When you see Richard Thompson and Dave Swarbrick’s lyric for Sloth on paper you wonder what the fuss is about. First recorded on the Full House album, the version recorded live at the Troubadour in Los Angeles where the band famously made a $1,500 loss due to their bar bill, is the definitive version that wonderfully illustrates the musical interplay between Dave Swarbrick, Dave Pegg and Richard Thompson. Dave Mattacks keeps the band anchored and Simon Nicol adds vocals.

It would have been easy to pick 10 songs from the 1967 to 1979 period but the 1985 to now albums sit well next to the classic older material and I have tried to illustrate this with my selections.

Fairport Convention’s official website

Fairport Convention biography (iTunes)

TopperPost #56

16 Comments

  1. Rob Millis
    Aug 30, 2013

    Oh yes, the top 10:
    Banks of the Sweet Primroses – House Full (Live at the LA Troubadour)
    Bonny Black Hare – Angel Delight
    Come All Ye – Liege and Lief
    Meet On The Ledge – What We Did On Our Holidays
    No Man’s Land – What We Did On Our Holidays
    Now Be Thankful – History of Fairport Convention
    Percy’s Song – Unhalfbricking
    Sir Patrick Spens – Full House
    Sloth – House Full (Live at the LA Troubadour)
    Walk Awhile – Full House

  2. Rob Millis
    Aug 30, 2013

    Good god. An article on FC that doesn’t treat everything other than Liege & Lief as an afterthought. Well done that man.

  3. Merric Davidson
    Aug 30, 2013

    And mine (incl. Matty Groves – Liege & Lief) and yes it’s all early stuff – I should get out more!
    Babbacombe Lee – it’s just one long track really innit
    Crazy Man Michael – sorry, Liege & Lief again
    Fotheringay – What We Did …
    Genesis Hall – Unhalfbricking
    If I Had A Ribbon Bow – single / Fairport Convention CD
    Meet On The Ledge – natch
    Reno, Nevada – Heyday CD
    Stranger To Himself – Rising For The Moon
    and I’ll take Walk Awhile too!

  4. Merric Davidson
    Aug 30, 2013

    Ha ha. Hear hear. I’d still want to take Matty Groves to my island if that’s ok.

  5. Rob Millis
    Aug 30, 2013

    Now I’m as shallow as folk alluded to in my first comment! I’m ashamed not to have included anything after Angel Delight (I toyed with Babbacombe Lee myself but too much from Full House era to sacrifice.
    I did buy Rosie and the one after, but after both Nicol and RT went, I thought they lost focus: they became more of a generic folk rock act rather than an English version of The Band that they were from 1968-1971: an act that showed their understanding of roots music from parts of their nation and neighbouring nations and wrote originals you’d swear were standards, but under the framework of contemporary rock.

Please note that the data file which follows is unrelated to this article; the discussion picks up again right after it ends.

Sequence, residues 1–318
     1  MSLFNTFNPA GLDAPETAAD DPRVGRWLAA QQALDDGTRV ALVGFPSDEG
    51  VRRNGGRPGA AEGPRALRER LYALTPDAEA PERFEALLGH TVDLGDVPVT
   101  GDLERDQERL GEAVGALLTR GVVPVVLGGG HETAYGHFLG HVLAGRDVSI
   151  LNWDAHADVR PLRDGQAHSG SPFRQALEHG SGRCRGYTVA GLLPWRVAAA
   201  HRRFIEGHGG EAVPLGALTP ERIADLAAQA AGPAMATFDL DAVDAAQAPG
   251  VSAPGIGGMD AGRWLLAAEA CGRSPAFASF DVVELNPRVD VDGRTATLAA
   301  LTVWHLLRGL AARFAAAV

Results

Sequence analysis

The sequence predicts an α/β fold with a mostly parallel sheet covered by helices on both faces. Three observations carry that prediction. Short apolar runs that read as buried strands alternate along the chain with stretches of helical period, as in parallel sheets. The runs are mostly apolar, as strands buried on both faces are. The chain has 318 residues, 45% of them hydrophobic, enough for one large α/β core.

6. Rob Millis
    Aug 30, 2013

    I didn’t want to say it because my father is in good health and long may that continue, but in a funny way I’d take an original copy of “History Of” to my island, because I always used to be drawn to it, with the family tree and the rosette, and the booklet inside, as a small child long before I ever heard it, when Dad’s many records were a source of fascination.

  7. Peter Viney
    Aug 30, 2013

    I was inspired by Ian’s list to try to book FC live in two week’s time – they’re ten miles down the road – only to find I’m double-booked already on the 12th September. I But I intend to catch up on the last 40 years. I’m embarrassed to say I closed shop after Liege & Lief & Full House, so just as Rob says, regarded the rest as an afterthought, though I too have “The History Of” with its family tree. Walk Awhile was on the “Bumpers” Island compilation and I reckon these early sampler compilations are important for the time. They’re often the best-known tracks by bands.
    The second or third one I’d write on my early, so ignorant, list though, is that ‘homage’ to 1960s girls grammar school French lessons, Si Tu Dois Partir, with honourable mentions for some of the”Heyday” BBC sessions with covers of the Everly’s Gone, Gone, Gone plus two Leonard Cohen covers, Suzanne and Bird On The Wire. And ‘Sloth’ from House Full: Live at the LA Troubadour.

  8. Rob Millis
    Aug 31, 2013

    Absolutely Peter. I wouldn’t have investigated half the stuff I came to like a lot if it wasn’t for You Can All Join In and Son of Gutbucket.

  9. Colin Duncan
    Aug 31, 2013

    ‘Who Knows Where The Time Goes’ is really up there for me on my list of favourite songs of all time. I followed Sandy Denny after the break up. I really like the great, succinct description of the song on the list and couldn’t agree more. I think I have an excuse in not continuing to follow Fairport Convention, being Scottish and interested in the Scottish folk bands at that time.

  10. Peter Viney
    Sep 1, 2013

    Who Knows Where The Time Goes? was voted ’best folk song of all time’ in a 2007 poll. It is so evocative that its emotion has been borrowed for film soundtracks, but most powerfully for me in the Jez Butterworth play, Jerusalem, where the lead character is dancing with a young girl, then gets brutally beaten up while the song plays. That’s Sandy Denny solo from 1973, not the Fairport version.